Elderly cats: getting the best from your consultation
Diego Esteban, Claude Muller, Thomas Rieker, Kit Sturgess
History taking is the veterinary surgeons first opportunity to try and identify changes that the owner attributes to just getting older as potentially indicating significant underlying disease. During the consultation, it is important to try and ask open-ended questions, such as “How has your cat been since your last visit?” or “Have you noticed any change in behaviour?” rather than closed questions such as “Is your cat drinking more?” Open questions give the owner greater scope for describing things that are concerning them and are usually a more honest description of changes.
Despite playing an essential role in clinical veterinary practice, history taking can be neglected when the duration of an appointment is short or when complementary tests are given too much importance. The use of a health questionnaire before the appointment will be beneficial as it will help to give clues to potential problems and allow focus in a short consultation period. A full discussion on history taking is without the scope of this article that will focus on key take-home points to remember when an ageing cat is brought for consultation.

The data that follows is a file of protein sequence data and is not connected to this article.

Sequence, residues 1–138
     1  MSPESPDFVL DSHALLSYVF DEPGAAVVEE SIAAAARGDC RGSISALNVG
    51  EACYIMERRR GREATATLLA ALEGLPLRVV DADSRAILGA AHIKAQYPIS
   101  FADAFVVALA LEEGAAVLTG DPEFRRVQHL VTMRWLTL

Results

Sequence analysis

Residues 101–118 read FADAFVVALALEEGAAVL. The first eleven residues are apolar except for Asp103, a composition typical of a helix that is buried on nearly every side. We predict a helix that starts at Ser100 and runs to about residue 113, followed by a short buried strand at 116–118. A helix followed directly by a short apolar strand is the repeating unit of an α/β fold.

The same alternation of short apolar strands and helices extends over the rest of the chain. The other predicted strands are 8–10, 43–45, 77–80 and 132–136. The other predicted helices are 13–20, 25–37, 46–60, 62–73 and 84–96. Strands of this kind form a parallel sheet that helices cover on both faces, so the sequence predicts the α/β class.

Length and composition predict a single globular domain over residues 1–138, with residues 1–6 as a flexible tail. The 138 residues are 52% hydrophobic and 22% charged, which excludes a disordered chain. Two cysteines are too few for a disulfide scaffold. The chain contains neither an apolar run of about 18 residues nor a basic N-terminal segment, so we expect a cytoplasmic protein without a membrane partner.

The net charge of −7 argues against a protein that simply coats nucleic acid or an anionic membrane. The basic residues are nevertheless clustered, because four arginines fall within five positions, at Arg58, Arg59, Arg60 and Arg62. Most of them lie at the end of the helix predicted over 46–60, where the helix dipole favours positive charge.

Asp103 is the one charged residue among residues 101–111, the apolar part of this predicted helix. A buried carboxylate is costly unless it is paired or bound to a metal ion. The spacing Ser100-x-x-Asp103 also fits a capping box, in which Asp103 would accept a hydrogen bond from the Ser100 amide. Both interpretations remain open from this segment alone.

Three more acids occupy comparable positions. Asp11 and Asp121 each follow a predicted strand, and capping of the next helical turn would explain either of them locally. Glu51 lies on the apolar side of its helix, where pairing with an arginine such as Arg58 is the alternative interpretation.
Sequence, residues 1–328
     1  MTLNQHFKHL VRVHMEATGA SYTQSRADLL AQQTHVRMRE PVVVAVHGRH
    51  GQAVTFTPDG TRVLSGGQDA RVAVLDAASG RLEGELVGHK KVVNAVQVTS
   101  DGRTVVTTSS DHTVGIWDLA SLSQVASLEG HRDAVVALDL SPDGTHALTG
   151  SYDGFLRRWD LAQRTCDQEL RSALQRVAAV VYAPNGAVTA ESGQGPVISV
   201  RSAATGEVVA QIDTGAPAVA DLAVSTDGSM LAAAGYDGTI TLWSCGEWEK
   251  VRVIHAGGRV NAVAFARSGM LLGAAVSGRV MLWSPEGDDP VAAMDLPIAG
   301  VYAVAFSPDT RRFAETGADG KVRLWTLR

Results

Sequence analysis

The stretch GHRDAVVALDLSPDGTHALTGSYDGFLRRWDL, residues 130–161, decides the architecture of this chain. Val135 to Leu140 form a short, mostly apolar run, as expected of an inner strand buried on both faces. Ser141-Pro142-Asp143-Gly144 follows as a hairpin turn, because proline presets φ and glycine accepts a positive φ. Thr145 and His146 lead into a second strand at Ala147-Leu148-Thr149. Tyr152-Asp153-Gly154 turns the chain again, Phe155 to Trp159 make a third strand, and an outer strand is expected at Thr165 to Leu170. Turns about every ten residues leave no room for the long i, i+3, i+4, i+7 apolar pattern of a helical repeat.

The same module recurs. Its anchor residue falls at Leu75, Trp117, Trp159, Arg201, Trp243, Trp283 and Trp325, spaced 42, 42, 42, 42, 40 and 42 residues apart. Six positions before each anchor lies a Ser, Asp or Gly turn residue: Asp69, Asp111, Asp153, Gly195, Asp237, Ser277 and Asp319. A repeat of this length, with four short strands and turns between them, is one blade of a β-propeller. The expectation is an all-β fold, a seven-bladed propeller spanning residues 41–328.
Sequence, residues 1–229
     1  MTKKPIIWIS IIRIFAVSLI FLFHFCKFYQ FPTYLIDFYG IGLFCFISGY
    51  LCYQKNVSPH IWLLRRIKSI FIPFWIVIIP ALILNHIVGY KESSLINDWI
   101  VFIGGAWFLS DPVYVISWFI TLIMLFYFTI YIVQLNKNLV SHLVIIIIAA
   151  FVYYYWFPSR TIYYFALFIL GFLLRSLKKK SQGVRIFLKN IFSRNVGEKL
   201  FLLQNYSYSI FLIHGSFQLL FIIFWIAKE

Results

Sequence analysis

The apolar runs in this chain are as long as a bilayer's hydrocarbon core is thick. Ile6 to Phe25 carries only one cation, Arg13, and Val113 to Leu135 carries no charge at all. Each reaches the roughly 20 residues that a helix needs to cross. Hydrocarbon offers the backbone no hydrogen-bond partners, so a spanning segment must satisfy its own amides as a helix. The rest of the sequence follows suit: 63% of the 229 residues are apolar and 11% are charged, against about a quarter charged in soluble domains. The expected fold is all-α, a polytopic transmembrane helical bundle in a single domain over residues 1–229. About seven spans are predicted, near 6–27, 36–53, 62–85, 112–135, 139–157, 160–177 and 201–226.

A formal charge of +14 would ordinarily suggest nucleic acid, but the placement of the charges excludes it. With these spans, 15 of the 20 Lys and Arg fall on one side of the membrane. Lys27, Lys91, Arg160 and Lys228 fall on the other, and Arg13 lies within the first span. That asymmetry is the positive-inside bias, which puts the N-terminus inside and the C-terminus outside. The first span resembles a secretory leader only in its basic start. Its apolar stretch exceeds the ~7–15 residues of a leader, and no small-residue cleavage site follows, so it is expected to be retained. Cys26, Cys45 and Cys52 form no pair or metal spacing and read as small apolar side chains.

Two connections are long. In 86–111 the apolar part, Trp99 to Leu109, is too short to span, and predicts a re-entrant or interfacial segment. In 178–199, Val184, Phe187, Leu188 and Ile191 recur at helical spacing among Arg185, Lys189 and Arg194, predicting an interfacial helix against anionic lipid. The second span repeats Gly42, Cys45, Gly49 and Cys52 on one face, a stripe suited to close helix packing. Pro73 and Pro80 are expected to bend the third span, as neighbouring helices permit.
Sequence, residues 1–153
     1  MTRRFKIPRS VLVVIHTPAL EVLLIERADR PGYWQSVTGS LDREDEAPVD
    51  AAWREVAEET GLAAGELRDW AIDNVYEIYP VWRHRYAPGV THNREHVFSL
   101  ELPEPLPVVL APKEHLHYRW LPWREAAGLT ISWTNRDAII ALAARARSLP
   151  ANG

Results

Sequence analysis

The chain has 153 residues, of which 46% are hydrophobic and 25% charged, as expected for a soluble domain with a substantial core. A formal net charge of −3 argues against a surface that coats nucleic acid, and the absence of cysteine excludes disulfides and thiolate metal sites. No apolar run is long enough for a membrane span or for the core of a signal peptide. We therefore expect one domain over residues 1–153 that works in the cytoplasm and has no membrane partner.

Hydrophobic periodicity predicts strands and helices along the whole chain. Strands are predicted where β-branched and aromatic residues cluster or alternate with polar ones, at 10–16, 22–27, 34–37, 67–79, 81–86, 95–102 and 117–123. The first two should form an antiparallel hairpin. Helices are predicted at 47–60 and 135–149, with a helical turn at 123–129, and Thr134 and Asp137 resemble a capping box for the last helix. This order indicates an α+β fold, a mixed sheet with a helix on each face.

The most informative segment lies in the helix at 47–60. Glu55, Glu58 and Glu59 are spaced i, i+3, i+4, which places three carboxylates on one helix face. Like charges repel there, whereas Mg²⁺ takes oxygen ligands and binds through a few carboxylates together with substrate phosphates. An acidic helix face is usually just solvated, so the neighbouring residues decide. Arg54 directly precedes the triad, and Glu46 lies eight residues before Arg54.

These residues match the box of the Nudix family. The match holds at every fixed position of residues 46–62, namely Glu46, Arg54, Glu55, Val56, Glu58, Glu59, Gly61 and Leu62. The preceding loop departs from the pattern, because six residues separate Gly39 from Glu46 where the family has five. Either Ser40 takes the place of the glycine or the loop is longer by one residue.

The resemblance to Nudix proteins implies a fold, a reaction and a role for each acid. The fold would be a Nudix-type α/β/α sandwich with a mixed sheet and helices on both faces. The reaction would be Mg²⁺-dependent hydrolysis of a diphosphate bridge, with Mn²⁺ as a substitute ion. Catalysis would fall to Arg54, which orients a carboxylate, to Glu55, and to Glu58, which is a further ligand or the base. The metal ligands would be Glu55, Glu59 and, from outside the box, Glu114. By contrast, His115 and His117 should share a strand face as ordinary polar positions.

A) Nutrition and hydration
Part of the history taking should cover the quantity, type and brand of food and frequency of feeding, as well as identifying any changes in the cat’s preferences and the onset of any digestive problems following such changes. Elderly cats have a reduced ability to digest nutrients and so owners should be advised to give their cat three to four portions of food each day or feed ad libitum but monitor the amount that is eaten. In multicat households there are problems ensuring that every cat is fed properly, but different feeding times or separate feeding areas can be used. Changes in a cat’s food preferences may be due to disorders that decrease the appetite (e.g. renal disease) or painful mouth lesions. It is also important to find out whether the cat’s appetite has increased recently, as this could indicate the onset of diseases such as hyperthyroidism or diabetes mellitus if accompanied by other suggestive clinical signs in general and weight loss in particular.
With changes in appetite, questions should be asked about whether the cat is vomiting and if so what is being vomited, how frequently vomiting is occurring and the relationship between feeding and vomiting. Many owners will not be concerned about their cat’s vomiting habits because their cat has always vomited occasionally and may not have noticed that the cat is vomiting more often. Appropriate questions may help them realise that the cat is vomiting more than usual. Owners tend to be more likely to volunteer that their cat has diarrhoea compared to vomiting. However if the cat goes outdoors, diarrhoea may be present without the owner’s knowledge.